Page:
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INTRODUCING YOUR DOG
 TO YOUR NEW BABY

Introducing your dog to your new baby needs to be a gradual process. Your pet will need time to adjust to the newest family member. Since your dog was likely your first baby, he is used to being the center of attention. It's completely natural for your dog to feel something like sibling rivalry when you bring your new baby home. You can help your dog accept his new role by taking a few simple steps.

Start by having your pet spayed or neutered if they aren't already. Sterilized pets are calmer and more likely to behave. They also will have fewer health problems associated with their reproductive systems.

Next, you will want to review your dog's obedience training. Knowing commands like ‘down’, ‘stay’ and ‘leave it’ will be immensely helpful when the baby arrives. It's important to be sure he will reliably and consistently behave for you. Ideally, start addressing behavior problems as early into your pregnancy as possible to give yourself enough time to teach your dog some key commands. If your pet exhibits fear and anxiety, now is the time to get help from an animal behavior specialist while your life is still relatively uncomplicated.

The time and energy needed to care for a newborn leaves less time for your dog. When the baby comes home, your dog will no longer be receiving the same amount of attention he was accustomed to. Gradually reduce the amount of time your pet is spending with you. If your pet is particularly bonded to the expectant mother, another family member should start establishing a closer bond with him. Drastically decreasing attention or isolating your pet after the baby is born will only produce stress. Though you will be tired, it is still important to spend special quality time with your pet.

While it's important to maintain your dog's daily schedule, you can gradually adjust his timetable by making changes at least a month or so before the baby arrives. If his exercise routine will change from leash walks to backyard time, it is best to start making the change ahead of time. Put up baby gates so that your dog gets used to the restricted movement. Early and gradual changes in daily routines and physical environment can help make the adjustment easier for your pet once the baby comes home.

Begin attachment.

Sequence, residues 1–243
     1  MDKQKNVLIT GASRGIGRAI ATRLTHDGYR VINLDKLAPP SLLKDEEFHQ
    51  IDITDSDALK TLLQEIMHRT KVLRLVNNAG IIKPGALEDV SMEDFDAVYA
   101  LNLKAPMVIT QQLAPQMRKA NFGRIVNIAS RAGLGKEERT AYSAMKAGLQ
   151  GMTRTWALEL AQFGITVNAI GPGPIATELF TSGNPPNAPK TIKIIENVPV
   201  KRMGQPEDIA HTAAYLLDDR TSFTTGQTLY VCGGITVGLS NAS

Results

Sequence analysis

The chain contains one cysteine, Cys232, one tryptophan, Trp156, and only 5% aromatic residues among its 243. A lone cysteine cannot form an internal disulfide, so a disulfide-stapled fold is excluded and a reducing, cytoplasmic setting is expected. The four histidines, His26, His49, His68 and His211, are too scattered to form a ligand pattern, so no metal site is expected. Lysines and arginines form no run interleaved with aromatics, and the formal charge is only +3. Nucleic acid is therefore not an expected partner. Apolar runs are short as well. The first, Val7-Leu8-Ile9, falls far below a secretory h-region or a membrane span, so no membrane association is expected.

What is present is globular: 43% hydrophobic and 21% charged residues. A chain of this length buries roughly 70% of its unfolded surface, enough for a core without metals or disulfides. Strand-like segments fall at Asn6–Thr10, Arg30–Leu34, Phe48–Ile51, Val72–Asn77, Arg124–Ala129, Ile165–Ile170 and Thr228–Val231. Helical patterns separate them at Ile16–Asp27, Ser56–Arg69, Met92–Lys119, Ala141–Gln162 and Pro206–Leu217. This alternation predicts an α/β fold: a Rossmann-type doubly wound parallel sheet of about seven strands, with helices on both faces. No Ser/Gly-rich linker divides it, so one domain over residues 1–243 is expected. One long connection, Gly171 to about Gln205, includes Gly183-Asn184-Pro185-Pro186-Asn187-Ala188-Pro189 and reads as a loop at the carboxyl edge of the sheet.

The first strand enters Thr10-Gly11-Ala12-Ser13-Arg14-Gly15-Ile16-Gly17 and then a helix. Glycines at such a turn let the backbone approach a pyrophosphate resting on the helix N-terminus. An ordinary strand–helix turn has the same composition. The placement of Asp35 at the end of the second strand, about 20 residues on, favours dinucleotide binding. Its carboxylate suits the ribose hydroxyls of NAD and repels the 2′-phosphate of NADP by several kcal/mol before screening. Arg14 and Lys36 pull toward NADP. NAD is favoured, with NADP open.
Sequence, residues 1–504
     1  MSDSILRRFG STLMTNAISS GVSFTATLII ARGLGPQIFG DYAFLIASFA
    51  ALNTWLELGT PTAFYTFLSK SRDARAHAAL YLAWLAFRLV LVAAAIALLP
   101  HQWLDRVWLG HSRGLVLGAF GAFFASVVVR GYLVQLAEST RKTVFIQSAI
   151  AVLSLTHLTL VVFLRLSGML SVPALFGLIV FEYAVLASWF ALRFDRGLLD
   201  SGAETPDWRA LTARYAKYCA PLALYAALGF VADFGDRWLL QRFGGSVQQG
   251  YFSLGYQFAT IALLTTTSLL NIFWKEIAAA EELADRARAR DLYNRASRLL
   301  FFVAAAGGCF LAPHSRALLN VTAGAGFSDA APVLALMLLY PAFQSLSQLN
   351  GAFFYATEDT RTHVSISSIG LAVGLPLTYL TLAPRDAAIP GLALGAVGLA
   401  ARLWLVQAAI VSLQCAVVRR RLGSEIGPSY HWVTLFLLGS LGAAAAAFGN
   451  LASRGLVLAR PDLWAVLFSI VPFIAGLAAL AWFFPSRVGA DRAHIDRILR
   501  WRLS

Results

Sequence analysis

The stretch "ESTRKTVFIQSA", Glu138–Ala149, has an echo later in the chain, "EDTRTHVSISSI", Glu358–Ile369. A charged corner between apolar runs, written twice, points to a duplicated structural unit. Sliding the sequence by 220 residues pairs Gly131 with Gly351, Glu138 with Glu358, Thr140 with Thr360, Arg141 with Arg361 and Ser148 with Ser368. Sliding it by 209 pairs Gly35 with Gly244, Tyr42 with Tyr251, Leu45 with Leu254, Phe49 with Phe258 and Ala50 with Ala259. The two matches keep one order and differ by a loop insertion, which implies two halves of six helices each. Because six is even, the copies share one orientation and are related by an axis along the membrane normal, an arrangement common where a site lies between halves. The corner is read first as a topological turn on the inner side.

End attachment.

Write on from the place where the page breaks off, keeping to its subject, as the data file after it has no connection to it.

Sprinkle baby powder on your skin and/or a baby blanket. Leave the blanket around the house so that your dog becomes familiar with the scent. You can also use a baby doll to get your dog used to baby routines such as bathing and diaper changing. Put the doll in the stroller and take it on walks with you so that your dog gets used to both the stroller and its occupant. Purchase a CD of infants crying and play it at gradually increasing volume to get your dog acclimated to the sound. Make sure to give your dog calm, quiet praise during this time so that he associates all of these new sounds, smells and routines with positive things.

When you return from the hospital, your dog will be eager to greet you. Let someone else take the baby into another room while you give your dog a warm, calm welcome. After you are done with your greeting, you can bring your pet to sit next to the baby. Reward him with treats for appropriate behavior. You want your dog to have only positive experiences with your newest family member. Never force your pet to get near the baby. If you feel comfortable, allow him to sniff tiny feet and hands. Once his curiosity is satisfied, most dogs will ignore the newborn. For the sake of safety, even the most accepting and gentle dog should never be left alone with an infant, whether your baby is awake, sleeping, in a carrier, or on the floor.

For more information on introducing your family pet to your new infant, please visit the following websites:

        Dogs and Storks (National program helping families prepare their dog)

Introducing Your Pet to a New Baby

Introducing an Infant to a Resident Dog

Introducing Your Pet and New Baby

"Bowser Meets Baby" or How to Introduce Your New Baby to the Family Dog

Introducing a New Baby
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